The two white candidates got over 50% of the vote.

      If he’s pandering – it’s probably not a good longer term strategy

    • The courts have ruled, over and over, that the police are not obligated to protect, no matter the motto. By logical extension, they thus have no valid reason to place themselves in jeopardy of life and limb.

      While having a two-mile high, cost-effective beer at The Red Rooster, a bar in Buzzard’s Pass Colorado frequented by motorcyclists who were on that afternoon watching Oprah while they discussed the events of a shootout the previous day, I overheard the following:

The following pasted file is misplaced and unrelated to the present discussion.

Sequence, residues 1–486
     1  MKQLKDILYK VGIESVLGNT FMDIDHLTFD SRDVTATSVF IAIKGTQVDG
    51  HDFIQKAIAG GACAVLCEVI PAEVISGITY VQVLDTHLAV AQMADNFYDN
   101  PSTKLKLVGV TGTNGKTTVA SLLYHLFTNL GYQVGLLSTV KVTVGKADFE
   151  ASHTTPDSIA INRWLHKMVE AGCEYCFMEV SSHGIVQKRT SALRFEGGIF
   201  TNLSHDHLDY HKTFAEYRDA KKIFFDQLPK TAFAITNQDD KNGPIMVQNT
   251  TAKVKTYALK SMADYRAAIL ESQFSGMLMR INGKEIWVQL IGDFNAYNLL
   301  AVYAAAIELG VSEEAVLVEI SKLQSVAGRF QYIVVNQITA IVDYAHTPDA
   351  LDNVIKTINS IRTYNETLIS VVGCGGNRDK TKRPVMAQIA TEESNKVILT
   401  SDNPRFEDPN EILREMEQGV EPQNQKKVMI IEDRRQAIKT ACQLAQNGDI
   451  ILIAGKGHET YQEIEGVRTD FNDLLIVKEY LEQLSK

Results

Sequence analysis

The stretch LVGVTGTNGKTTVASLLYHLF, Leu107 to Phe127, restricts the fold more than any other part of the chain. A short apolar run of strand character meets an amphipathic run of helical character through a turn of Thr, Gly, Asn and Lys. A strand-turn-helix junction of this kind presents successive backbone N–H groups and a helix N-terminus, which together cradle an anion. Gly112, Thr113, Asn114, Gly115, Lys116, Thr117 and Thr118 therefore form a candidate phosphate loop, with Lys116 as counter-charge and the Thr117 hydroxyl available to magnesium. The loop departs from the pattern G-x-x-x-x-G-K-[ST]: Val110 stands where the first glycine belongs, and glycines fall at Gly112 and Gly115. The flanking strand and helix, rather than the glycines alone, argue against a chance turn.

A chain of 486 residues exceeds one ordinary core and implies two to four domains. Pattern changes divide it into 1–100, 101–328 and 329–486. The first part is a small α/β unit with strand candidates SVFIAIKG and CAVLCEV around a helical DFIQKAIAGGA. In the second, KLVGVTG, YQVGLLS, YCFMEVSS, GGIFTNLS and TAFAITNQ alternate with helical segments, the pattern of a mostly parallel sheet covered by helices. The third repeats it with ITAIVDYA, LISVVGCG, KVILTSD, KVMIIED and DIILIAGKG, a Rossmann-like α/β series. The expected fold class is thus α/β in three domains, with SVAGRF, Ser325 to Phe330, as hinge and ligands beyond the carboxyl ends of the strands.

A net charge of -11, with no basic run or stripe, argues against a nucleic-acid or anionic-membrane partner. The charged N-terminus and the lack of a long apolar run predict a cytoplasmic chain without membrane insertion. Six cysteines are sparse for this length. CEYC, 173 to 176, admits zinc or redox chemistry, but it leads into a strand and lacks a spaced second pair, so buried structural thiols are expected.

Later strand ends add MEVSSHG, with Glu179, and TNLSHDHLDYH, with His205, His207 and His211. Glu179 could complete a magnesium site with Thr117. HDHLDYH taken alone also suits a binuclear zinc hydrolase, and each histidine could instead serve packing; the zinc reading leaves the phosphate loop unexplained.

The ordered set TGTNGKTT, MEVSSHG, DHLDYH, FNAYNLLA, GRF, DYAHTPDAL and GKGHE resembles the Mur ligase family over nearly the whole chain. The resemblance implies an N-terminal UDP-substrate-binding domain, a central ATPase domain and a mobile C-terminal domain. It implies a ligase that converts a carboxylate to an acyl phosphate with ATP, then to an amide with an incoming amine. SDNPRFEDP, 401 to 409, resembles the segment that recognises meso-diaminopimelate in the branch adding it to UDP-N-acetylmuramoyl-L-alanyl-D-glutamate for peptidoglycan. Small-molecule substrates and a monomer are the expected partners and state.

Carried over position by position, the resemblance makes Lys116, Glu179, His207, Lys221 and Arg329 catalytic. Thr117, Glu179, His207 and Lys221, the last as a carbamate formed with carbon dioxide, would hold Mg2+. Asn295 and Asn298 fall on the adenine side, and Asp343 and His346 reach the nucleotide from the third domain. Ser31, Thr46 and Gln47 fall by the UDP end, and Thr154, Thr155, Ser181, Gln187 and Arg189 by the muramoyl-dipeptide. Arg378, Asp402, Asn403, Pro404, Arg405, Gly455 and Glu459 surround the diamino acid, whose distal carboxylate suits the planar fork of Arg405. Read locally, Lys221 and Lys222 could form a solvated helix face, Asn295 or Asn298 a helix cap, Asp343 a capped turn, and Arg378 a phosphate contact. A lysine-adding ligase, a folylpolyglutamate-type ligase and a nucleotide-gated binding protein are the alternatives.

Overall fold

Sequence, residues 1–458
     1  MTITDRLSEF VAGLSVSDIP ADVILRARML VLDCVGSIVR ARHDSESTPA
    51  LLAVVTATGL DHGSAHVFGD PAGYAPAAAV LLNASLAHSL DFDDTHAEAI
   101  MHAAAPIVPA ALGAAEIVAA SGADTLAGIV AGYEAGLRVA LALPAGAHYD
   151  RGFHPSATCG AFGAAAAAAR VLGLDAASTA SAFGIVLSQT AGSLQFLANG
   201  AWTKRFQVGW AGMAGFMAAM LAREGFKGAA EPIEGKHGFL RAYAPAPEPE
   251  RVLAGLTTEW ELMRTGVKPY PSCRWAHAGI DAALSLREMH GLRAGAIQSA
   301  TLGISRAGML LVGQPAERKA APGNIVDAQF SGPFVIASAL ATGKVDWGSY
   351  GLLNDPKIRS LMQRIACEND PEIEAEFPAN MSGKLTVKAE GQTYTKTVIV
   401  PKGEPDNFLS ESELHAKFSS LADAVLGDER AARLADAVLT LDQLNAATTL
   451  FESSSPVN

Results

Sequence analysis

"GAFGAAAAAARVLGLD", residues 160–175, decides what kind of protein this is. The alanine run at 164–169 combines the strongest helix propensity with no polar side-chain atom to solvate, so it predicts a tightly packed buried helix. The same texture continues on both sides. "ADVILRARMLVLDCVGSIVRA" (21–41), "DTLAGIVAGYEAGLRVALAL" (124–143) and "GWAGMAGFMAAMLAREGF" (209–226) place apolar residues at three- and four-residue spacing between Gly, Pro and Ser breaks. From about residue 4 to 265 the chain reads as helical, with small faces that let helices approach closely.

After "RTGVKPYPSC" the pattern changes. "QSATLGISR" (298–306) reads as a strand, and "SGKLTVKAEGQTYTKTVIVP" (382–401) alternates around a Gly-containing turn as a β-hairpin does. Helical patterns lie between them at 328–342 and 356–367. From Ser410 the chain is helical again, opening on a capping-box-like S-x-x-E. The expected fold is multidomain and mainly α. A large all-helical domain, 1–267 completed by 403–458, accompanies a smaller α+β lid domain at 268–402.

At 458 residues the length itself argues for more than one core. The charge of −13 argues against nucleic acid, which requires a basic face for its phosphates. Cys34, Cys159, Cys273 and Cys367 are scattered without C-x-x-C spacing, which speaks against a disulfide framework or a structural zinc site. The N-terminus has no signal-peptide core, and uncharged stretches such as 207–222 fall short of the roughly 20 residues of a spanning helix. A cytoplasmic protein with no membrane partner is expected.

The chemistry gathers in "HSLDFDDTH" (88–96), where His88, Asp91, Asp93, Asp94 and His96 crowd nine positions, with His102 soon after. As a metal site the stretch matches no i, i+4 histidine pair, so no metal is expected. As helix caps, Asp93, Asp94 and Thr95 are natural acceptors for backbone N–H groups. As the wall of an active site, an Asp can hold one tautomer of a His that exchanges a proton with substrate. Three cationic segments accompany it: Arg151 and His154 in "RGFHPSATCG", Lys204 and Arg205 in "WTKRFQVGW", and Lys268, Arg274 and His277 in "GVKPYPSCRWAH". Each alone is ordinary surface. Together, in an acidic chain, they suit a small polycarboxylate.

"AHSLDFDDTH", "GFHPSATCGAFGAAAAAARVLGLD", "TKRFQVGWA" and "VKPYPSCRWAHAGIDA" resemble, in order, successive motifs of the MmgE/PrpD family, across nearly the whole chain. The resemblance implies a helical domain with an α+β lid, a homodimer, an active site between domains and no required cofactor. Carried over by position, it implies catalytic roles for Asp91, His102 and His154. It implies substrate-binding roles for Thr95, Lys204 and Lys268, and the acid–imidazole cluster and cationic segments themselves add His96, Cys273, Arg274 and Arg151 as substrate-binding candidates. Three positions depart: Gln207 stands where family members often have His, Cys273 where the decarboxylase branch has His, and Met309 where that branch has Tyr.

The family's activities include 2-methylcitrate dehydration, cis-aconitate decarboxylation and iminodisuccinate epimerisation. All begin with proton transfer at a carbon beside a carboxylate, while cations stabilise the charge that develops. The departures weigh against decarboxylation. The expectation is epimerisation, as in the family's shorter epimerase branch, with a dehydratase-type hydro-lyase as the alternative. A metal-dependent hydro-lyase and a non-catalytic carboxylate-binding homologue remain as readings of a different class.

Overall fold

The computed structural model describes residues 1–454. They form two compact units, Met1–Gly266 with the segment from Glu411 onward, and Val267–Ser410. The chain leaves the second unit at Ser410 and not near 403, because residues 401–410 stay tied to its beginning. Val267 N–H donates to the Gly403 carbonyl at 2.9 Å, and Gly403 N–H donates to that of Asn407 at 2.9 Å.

“Yep, Sheriff Johnson is a good man, but if ya call him, don’t mention gun play ’cause he won’t show up if there’s any gun play.”

      Hand to god.

  8. Once again, we have seen government officials fail at their basic jobs and, proffer, virtue-signaling instead.

    Had Minneapolis’s boy mayor Jacob Frey done his pledged task of identifying and removing bad officers, Chauvin and Thao would not have responded to the call on Memorial Day and George Floyd would be an unknown enjoying COVID 19 with the rest of us.

    I get the argument that many Confederate memorial statutes were intended as demonstrations of white power over blacks. So why did it take riots for Stoney to take action? Once the statute was amended, Stoney could have initiated a process to begin removal once the statute was effective and due process followed, including defending the expected litigation. Was Stoney really virtue-signaling while winking at the white, southern establishment in Richmond?